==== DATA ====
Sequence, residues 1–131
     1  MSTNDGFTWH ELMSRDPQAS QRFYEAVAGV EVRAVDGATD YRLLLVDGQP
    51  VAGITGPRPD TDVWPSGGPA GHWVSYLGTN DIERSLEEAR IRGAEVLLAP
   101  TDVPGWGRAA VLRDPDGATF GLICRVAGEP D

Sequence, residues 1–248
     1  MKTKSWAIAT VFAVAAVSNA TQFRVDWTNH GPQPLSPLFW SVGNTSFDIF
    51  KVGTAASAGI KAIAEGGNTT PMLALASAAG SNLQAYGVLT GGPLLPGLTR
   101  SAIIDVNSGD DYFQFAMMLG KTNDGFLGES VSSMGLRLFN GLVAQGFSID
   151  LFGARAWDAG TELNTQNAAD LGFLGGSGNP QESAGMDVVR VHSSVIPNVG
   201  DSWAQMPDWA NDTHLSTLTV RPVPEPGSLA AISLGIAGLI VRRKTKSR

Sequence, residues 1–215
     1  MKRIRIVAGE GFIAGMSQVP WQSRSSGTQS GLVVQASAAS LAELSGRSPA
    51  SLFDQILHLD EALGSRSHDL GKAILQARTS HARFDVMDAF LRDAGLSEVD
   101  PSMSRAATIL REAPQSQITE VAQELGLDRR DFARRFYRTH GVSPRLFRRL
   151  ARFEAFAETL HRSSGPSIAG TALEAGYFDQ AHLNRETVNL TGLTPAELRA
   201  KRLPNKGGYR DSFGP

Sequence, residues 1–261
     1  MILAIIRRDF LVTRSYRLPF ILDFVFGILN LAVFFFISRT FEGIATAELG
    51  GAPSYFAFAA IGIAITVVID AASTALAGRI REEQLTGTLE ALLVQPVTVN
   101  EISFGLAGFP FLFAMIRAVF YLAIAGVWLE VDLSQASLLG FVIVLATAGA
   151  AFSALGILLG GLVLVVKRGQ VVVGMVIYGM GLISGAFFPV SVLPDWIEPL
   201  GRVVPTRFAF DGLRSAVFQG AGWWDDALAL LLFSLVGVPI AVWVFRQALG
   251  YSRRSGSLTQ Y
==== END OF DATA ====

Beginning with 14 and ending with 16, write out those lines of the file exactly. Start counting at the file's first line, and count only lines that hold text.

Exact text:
   101  PSMSRAATIL REAPQSQITE VAQELGLDRR DFARRFYRTH GVSPRLFRRL
   151  ARFEAFAETL HRSSGPSIAG TALEAGYFDQ AHLNRETVNL TGLTPAELRA
   201  KRLPNKGGYR DSFGP